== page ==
Miss South Africa Ziphozakhe Zokufa, who assumed the title when Strauss won Miss World in December, will crown this year's winner. Strauss, currently based in London, will be attending the event. Another special guest at the pageant on March 29 will be former Miss World Anneline Kriel.
Miss SA finalists: Then and Now
Reluctant dad is now her biggest fan
Sihle Makhanya grew up playing with boys and loved wearing baggy clothing. That's hard to believe when you meet her today.
The 23-year-old quantity surveyor from Empangeni in KwaZulu-Natal says she knows what is expected of her as a beauty queen.
"Even when you're having a bad day, you have to keep smiling and convince yourself you're beautiful - even when you think you're not," she said.
After being named a finalist, she needed her mom's intervention to get her dad, Sthembiso, on side.
He was not happy about her parading in a swimsuit in public, but he is now her strongest supporter.
Makhanya said that while there was a huge age difference between her and her mentor, Wilma van der Bijl, they clicked immediately.
"She is like a mother to me, we speak almost every day. She told me from the beginning that I should develop a business mind and create my own brand."
She said she believed Van der Bijl, who won the title in 1987, wanted to see her do well not only in the competition but in life as well.
Second time lucky for Christmas baby?
Lovely Danelle de Wet was a Christmas baby. The first in her family to be born on December 25, she believes it made her special.
She started entering beauty pageants when she was six and has won many prizes.
She and her mom, Francis, have avidly watched all the Miss South Africa pageants over the years.
Now the 22-year-old marketing student from Kuils River in Cape Town is hoping to wear the crown herself.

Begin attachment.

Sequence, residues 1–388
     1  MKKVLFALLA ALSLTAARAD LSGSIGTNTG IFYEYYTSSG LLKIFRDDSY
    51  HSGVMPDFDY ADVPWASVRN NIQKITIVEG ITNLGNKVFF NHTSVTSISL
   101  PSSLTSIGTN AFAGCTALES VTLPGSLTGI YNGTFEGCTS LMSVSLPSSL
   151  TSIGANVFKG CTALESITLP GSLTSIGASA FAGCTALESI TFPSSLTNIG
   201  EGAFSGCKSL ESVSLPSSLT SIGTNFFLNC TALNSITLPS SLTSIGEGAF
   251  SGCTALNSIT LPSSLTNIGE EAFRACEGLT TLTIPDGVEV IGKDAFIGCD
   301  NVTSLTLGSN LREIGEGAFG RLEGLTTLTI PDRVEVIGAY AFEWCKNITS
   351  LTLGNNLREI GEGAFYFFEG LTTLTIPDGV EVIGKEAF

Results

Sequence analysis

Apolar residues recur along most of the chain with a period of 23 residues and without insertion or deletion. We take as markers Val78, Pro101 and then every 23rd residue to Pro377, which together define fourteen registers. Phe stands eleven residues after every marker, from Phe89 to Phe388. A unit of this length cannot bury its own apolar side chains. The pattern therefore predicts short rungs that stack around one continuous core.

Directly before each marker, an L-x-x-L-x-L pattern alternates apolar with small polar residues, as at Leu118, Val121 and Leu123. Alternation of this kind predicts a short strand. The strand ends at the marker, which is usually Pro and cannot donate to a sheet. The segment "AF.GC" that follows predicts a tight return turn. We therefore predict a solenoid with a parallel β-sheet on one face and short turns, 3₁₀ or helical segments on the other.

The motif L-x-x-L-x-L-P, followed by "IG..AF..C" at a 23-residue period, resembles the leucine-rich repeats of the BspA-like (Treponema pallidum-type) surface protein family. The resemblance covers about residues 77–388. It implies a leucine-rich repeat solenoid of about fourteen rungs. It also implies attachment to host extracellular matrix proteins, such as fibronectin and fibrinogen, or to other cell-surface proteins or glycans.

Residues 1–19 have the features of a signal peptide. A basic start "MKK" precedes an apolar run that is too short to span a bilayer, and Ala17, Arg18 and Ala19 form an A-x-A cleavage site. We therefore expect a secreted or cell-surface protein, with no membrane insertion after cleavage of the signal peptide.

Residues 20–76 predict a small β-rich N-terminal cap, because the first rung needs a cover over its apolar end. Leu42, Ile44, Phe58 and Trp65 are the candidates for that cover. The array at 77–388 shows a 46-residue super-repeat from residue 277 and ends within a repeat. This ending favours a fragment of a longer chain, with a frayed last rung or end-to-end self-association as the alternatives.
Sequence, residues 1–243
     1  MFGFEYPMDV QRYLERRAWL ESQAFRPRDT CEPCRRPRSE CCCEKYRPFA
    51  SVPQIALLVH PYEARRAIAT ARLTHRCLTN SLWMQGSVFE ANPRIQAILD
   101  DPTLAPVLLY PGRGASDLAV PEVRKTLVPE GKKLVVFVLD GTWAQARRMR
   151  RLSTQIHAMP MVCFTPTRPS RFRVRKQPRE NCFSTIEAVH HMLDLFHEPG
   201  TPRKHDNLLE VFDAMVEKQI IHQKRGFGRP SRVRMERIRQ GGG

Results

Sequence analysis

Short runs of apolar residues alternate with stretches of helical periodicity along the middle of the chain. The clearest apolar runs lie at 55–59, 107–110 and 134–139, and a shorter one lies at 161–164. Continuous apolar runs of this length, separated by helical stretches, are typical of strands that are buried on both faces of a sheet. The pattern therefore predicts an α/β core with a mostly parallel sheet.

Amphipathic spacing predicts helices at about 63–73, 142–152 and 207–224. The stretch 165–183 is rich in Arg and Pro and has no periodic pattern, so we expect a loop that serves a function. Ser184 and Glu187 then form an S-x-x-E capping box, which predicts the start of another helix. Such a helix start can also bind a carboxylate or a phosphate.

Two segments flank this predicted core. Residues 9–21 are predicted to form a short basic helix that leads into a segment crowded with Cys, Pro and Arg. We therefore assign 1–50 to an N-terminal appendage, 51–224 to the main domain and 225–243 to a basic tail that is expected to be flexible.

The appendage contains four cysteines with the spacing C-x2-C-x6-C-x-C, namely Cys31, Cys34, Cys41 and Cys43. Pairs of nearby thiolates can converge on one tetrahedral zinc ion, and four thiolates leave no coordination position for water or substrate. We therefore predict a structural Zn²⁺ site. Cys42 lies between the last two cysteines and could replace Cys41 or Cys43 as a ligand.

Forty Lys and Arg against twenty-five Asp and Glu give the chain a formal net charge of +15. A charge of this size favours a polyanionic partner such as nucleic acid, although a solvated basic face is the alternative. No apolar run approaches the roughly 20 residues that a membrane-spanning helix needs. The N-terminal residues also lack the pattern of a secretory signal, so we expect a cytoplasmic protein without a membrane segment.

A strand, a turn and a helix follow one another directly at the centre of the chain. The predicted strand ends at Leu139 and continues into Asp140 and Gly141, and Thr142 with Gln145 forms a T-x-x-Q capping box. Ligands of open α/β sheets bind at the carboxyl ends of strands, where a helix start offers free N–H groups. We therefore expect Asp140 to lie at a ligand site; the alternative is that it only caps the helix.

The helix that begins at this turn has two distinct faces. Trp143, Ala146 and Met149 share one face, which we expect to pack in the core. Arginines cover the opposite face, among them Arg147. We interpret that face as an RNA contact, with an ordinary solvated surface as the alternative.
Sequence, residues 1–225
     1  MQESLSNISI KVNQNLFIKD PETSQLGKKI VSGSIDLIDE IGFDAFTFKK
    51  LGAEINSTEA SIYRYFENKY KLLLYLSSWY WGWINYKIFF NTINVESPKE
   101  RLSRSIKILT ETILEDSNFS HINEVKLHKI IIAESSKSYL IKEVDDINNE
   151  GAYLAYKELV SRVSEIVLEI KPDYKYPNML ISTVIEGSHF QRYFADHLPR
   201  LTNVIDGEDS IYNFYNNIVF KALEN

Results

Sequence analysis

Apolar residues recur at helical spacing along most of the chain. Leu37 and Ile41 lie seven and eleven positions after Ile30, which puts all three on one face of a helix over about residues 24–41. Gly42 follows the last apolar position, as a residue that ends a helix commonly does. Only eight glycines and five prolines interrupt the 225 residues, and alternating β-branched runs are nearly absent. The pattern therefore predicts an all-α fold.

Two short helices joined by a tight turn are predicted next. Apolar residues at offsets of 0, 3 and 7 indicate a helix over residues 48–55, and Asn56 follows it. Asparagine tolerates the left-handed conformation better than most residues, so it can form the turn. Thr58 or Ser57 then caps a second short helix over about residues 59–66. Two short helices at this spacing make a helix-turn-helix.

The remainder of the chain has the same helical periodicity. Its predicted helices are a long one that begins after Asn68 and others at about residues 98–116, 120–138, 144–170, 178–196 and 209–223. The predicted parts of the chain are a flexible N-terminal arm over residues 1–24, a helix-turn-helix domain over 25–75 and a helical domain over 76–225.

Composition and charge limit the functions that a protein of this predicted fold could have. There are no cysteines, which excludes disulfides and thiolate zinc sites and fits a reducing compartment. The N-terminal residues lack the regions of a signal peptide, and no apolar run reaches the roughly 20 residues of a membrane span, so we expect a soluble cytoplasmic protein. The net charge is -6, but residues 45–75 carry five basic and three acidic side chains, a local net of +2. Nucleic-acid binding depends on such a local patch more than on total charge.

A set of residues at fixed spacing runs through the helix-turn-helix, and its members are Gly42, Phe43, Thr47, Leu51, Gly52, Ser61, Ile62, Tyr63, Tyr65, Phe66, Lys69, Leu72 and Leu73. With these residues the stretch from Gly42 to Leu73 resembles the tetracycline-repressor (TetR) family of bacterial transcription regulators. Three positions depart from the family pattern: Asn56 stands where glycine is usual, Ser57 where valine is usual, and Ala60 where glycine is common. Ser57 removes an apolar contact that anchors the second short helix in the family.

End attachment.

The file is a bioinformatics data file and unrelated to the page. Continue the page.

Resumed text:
She first entered the pageant when she was 19, but she believes she was too young to handle the pressure.
"I'm more mature now and nothing about the competition scares me," she said. She realised all the finalists wanted to win, she said, but no-one was more determined than her.
Danelle had bumped into former Miss SA, Nicole Flint, a number of times and, seeing how humble she was, she wanted to be just like her.
Another of her aims had always been to achieve more and work independently without her parents' financial support.
Her secret's out: she's in the finals
Even as a toddler, Busi Mahlangu was a beauty. But as a youngster, she was discouraged from entering beauty pageants.
However, believing that a beauty competition like Miss South Africa could open a lot of doors for her, she entered this year's contest without even telling her mom.
The 23-year-old student from Mpumalanga only confessed to her mom, Angelina, after she was told she had made the finals.
Mrs Mahlangu admitted that she had been opposed to beauty contests because she wanted to protect her daughter.
"To be quite honest I didn't want her to be exposed to these things. I feared that one day boys would take advantage of her."
But at the end of the month, Mahlangu's parents will be at Sun City cheering her on.
Mahlangu said she was being mentored by a former Miss South Africa, Thuli Sithole.
Her advice had been to work on her confidence and stay true to who she was.
Shortest girl with a reason to stand out
Although she was always a beautiful child, Taryn Morris preferred horse riding and dancing to beauty pageants.
Her mother, Sharon, was a finalist in the 1985 Miss South Africa contest, but she never considered following in Mum's footsteps.
However, she was persuaded by family friends that winning the title would give her a platform to raise money for animal welfare.
Now the 26-year-old fashion company brand and marketing manager is hoping she can come out tops.
She has had to get used to wearing high heels all the time. "If I could, I would wear them to bed just so I'm ready for the crowning night," she joked.
Her whole family will be at Sun City to watch her compete for the crown.
Her father will be flying in from Australia, while her mom and brother will travel from Cape Town.
She said that she was the shortest girl in the contest, which meant she would have to make sure she stood out.
Her message to young girls is to believe in themselves and not to let anyone take advantage of them.
Nicole Lee Lamberts